Thursday, 31 May 2018

Corpus Christi

Two down, one to go, on getting back the proper Holy Days of Obligation, as kept by the rest of the world, including the Pope. Check his Twitter feed today if you do not believe me. He knows what day it is. Astonishingly, the Sacred Heart, the date of which is based on that of Corpus Christi, is still being kept on the right day, i.e., next Friday. Do they just not know, or something?
 
Anyway, to business. Do many Catholics still believe in transubstantiation? Well, if such things were ever taught in Catholic schools, then more of them might. But anyway, so what? What matters is that the Church teaches it. Catholics who dissent from the Teaching of the Church are just wrong, objectively speaking. That is all that there is to it.
 
Only the Catholic Church provides such objectivity, which is perfectly encapsulated in transubstantiation. It was only from Christianity in general, and from Catholicism in particular, that science acquired the idea that some propositions were just plain true, so that others were just plain false. And it was only from Christianity in general, and from Catholicism in particular, that science acquired the idea that there was an investigable order in the universe; even if that order is a law of chaos, then the point still stands.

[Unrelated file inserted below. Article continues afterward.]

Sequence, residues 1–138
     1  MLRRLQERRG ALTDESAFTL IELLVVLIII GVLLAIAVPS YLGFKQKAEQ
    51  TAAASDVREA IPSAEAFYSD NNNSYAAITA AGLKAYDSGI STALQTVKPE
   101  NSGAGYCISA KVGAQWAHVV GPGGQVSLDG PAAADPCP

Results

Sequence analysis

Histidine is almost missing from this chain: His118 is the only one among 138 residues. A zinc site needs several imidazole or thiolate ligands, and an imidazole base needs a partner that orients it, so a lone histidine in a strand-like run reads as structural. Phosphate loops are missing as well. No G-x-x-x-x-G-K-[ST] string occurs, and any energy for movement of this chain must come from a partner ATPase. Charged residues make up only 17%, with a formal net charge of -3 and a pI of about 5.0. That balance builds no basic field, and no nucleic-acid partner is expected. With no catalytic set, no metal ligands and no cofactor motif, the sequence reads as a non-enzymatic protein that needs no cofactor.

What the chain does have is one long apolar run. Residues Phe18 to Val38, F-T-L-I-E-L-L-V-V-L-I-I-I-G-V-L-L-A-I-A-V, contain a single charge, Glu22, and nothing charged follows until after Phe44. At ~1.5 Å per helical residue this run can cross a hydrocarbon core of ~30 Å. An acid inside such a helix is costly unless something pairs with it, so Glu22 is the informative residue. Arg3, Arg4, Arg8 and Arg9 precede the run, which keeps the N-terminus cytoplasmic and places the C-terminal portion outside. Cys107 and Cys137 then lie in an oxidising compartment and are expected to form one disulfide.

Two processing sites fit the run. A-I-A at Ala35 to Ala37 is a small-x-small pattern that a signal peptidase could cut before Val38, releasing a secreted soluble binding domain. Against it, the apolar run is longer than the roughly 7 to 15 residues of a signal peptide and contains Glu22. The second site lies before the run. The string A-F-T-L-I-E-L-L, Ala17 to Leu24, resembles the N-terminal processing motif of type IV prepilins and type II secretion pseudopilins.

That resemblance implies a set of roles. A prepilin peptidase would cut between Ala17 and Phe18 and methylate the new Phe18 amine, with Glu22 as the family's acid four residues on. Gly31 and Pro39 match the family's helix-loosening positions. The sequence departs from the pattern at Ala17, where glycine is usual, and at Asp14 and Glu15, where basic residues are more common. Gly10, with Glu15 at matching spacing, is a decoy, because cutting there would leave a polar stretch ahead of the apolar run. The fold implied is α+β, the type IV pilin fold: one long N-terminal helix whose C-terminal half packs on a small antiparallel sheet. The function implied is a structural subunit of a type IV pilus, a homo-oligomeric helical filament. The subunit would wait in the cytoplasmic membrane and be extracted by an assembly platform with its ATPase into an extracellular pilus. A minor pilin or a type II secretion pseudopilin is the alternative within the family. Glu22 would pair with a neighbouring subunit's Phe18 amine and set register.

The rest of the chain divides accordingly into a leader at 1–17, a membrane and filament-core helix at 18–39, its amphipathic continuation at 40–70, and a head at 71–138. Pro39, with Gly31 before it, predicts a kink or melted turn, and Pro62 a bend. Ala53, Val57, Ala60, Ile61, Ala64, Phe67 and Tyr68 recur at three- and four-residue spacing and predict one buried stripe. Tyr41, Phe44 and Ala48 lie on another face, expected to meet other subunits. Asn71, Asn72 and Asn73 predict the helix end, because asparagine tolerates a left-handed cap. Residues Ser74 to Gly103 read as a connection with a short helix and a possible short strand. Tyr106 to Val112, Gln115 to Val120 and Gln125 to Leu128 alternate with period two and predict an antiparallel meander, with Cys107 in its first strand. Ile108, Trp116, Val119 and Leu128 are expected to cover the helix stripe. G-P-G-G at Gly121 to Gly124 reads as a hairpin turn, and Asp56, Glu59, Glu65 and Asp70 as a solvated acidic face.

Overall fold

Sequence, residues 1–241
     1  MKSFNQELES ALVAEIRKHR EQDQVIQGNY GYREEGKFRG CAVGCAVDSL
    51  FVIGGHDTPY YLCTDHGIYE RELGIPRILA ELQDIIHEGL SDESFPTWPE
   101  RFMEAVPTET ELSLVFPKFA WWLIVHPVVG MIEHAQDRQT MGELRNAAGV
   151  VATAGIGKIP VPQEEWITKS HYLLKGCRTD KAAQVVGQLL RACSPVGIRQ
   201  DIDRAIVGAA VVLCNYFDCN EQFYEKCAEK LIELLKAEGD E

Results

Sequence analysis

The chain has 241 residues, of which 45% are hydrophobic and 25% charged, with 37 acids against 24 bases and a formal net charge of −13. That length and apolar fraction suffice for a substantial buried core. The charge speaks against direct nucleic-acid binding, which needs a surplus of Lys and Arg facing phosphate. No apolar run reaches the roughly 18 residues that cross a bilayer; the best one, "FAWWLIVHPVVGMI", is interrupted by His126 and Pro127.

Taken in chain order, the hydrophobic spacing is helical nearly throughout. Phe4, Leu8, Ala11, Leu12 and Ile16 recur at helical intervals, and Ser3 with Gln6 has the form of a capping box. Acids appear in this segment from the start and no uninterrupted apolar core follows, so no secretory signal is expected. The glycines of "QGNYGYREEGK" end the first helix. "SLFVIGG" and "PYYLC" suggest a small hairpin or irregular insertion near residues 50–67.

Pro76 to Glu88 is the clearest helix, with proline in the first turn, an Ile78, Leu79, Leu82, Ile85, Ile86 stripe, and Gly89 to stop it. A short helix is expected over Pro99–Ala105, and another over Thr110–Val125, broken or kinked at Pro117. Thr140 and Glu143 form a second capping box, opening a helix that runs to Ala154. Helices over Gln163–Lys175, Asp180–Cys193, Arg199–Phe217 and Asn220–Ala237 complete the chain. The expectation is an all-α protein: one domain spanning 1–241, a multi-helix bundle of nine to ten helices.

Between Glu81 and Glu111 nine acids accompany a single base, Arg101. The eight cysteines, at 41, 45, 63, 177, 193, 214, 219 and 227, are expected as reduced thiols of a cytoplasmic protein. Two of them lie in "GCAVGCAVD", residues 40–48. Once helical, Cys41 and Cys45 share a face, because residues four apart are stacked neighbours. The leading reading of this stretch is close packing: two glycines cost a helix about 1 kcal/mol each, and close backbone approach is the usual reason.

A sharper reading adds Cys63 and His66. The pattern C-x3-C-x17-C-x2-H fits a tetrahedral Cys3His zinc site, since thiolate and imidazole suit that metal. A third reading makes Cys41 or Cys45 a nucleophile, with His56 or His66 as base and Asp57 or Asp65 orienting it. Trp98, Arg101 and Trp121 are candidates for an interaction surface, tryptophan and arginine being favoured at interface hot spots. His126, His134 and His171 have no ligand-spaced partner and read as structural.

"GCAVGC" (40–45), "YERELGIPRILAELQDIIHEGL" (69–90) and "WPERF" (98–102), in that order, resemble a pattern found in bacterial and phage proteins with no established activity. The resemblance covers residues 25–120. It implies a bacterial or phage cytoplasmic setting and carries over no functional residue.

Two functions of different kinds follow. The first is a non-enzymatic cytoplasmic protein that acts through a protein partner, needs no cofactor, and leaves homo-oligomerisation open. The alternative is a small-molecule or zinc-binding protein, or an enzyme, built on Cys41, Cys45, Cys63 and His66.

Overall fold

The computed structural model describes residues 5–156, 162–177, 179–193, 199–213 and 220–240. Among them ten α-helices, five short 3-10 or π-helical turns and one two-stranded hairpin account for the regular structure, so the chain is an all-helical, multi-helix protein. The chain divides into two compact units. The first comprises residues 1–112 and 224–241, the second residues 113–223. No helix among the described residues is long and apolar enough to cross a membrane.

Faced with a changed intellectual environment that denies those foundations rather than simply presupposing them, science must return to the system that first asserted them in the midst of a former such environment. That system is Christianity in general, and Catholicism in particular.

Thus, for example, while and by affirming the objective existence of the substance distinct from the accidents, transubstantiation also affirms the objective existence of the accidents, which are the objects of scientific investigation. Transubstantiation is the bulwark against the Postmodern assault on science. Nothing else is.

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